Start a Google search with the words “Will Texas turn…” and you’ll get a snapshot of political punditry in the suggested autocomplete options.
Will Texas turn blue? Democrat? Purple? In 2016? In 2020?
It’s inevitable, the thinking goes, given the state’s demographic transformation. Its urban centers, like Houston and San Antonio, were solidly blue in the most recent presidential election.
But as far Texas turning blue, Democrat, or purple, that’s still a ways off, according to Mark Jones, a political scientist with Rice University and a fellow with the Kinder Institute. “That’s happening, but it’s at a very slow rate,” he said. “It’s been pretty modest.” Those increases are also muted by confusion over voter identification laws and redistricting that protects Republican seats.
Many observers point to the state’s growing Hispanic population, which tends to lean Democratic, as an indication that the political tides will soon shift in Texas. But the Hispanic population’s share of the electorate has not kept up.
The state is almost 40% Hispanic, representing the third largest population of any state, according to the Pew Research Center. And though Houston and Harris County saw a surge in Hispanic turnout that was credited for the sweep of countywide Democratic victories there in 2016, the reach of the Hispanic electorate was less visible statewide.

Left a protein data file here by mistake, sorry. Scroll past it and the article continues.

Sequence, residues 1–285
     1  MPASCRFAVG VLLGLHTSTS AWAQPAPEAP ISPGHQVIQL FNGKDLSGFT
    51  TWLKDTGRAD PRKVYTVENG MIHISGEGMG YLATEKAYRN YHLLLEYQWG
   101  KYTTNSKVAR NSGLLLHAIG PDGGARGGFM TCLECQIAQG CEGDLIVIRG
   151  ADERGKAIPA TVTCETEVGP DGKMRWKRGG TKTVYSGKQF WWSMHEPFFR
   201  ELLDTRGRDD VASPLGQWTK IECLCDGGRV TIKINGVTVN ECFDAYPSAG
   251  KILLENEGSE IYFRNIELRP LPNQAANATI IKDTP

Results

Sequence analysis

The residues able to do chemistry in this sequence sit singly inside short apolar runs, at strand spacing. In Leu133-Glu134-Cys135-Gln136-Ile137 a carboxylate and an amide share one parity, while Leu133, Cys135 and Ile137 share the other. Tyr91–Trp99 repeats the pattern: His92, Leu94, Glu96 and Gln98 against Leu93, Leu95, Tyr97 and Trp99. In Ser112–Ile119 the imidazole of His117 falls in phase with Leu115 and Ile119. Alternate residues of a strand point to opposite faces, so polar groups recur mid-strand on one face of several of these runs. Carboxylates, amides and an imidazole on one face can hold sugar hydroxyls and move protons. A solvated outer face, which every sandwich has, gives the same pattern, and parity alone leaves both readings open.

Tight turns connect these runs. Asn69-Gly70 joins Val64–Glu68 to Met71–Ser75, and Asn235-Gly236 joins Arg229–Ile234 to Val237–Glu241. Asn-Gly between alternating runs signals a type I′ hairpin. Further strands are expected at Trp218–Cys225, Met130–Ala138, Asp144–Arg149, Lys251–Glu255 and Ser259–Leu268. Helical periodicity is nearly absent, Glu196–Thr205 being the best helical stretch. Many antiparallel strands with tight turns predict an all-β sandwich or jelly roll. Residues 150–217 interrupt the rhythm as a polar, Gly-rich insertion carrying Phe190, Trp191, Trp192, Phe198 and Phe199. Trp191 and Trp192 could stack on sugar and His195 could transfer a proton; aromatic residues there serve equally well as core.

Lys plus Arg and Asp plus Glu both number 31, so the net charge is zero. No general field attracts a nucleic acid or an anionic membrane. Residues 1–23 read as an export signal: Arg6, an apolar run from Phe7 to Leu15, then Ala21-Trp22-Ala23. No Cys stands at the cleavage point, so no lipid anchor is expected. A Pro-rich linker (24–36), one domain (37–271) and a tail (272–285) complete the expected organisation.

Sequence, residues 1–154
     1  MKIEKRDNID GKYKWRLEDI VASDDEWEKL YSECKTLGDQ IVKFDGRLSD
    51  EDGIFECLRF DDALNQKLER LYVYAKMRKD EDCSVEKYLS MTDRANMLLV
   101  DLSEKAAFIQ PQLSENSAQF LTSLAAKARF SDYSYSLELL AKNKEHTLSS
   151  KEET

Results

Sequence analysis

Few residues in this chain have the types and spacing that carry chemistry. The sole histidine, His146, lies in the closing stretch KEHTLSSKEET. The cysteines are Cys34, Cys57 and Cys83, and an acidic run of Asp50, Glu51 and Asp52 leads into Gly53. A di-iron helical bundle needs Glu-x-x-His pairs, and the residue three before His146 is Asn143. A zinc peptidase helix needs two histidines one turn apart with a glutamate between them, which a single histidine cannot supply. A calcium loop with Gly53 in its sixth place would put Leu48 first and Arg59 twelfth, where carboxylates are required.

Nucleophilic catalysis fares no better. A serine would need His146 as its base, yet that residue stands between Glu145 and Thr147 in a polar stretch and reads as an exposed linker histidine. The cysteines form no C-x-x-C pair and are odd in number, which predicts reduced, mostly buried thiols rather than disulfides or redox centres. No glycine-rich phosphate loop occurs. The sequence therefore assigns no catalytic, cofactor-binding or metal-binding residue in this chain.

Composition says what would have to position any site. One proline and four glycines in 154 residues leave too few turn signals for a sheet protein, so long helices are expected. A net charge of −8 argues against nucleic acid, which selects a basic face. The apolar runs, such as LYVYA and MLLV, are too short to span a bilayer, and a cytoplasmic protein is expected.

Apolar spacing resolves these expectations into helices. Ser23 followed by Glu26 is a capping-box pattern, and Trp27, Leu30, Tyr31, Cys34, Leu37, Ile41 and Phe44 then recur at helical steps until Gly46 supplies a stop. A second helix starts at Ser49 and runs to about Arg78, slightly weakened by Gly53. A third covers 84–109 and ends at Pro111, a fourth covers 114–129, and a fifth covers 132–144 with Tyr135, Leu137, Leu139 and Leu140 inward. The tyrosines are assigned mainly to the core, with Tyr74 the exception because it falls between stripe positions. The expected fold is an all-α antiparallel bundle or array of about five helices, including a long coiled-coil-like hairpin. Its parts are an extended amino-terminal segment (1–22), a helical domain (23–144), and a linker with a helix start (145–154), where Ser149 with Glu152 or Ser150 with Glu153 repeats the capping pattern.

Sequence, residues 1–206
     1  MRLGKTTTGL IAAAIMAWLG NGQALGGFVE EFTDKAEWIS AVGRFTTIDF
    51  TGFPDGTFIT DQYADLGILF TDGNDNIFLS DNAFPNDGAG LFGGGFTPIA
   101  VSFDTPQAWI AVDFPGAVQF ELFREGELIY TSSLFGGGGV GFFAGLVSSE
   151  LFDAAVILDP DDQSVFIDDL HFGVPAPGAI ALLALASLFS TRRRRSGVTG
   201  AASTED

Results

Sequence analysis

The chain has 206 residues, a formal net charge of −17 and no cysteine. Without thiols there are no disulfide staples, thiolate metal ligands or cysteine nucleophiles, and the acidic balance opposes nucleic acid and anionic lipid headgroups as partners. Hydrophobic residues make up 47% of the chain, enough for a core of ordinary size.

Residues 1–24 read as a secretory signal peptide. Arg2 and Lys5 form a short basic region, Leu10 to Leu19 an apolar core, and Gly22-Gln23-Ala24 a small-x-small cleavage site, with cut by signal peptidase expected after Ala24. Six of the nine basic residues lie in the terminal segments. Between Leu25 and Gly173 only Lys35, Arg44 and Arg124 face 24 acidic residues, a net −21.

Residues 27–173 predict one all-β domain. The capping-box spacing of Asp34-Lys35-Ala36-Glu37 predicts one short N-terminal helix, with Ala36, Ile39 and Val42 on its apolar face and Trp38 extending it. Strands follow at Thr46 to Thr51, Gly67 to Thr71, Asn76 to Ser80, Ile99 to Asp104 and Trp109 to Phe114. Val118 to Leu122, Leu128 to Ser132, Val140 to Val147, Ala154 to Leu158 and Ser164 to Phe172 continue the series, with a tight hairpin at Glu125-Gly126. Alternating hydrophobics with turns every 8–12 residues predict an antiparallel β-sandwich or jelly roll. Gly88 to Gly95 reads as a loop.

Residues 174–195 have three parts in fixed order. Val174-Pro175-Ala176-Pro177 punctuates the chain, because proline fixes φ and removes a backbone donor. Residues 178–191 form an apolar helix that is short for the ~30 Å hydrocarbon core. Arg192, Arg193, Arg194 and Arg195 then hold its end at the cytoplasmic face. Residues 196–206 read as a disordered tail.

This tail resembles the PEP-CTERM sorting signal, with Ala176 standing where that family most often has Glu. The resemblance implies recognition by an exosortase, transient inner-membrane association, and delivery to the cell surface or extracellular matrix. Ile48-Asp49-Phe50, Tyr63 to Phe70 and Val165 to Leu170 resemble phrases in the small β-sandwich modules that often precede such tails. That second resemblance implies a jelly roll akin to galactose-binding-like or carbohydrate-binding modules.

Only 28% of eligible voters in Texas are Hispanic, according to the Pew Research Center. And, though turnout among that population inched up between 2012 and 2016, only 40.5% of eligible Hispanic voters made it to the polls in November 2016, according to Census data. Using data from the Texas Secretary of State, though, reveals a slightly higher boost, according to an analysis by the Austin American Statesman. By either measure, Hispanic turnout still falls behind the state’s overall numbers. Black, white, and Asian turnout were all higher, according to Census data. Once more, it wasn’t even a high water mark for Hispanic turnout, according to the Texas Tribune: ” Last year’s turnout is still lower than turnout in the 2004 presidential election.”
“There’s growth, but in terms of being a formidable voting bloc, it’s really only in Bexar County and to a lesser extent Harris County,” said Jones of the metropolitan counties surrounding San Antonio and Houston.
And the growth of the Hispanic population hasn’t just translated into gains for Democrats. “Among the Latinos who turn out to vote,” said Jones, “Republicans are actually doing pretty well,” getting around 30% of the vote.
Compounded with redistricting that means that even if there were a blue wave sweeping Texas, Republicans might lose one seat in the State Senate and roughly a dozen in the State House in 2018, said Jones, and Democrats are in for an uphill battle.
And don’t forget about the confusion over harsh voter ID regulations that had the most negative impact on Latino voters, according to Jones.
Through survey data, Jones found that though one in five people who didn’t vote in 2016 said it was because of a lack of proper identification, the vast majority – 97% – actually had some form of identification that would have met the regulations. Most of those deterred from voting supported Democratic candidates and Latino voters expressed the most confusion about the law.
“When we think about voter ID laws,” argued Jones, “the principal consequence and impact is not keeping people from voting because they don’t have an ID, it’s confusing people who do have an ID.”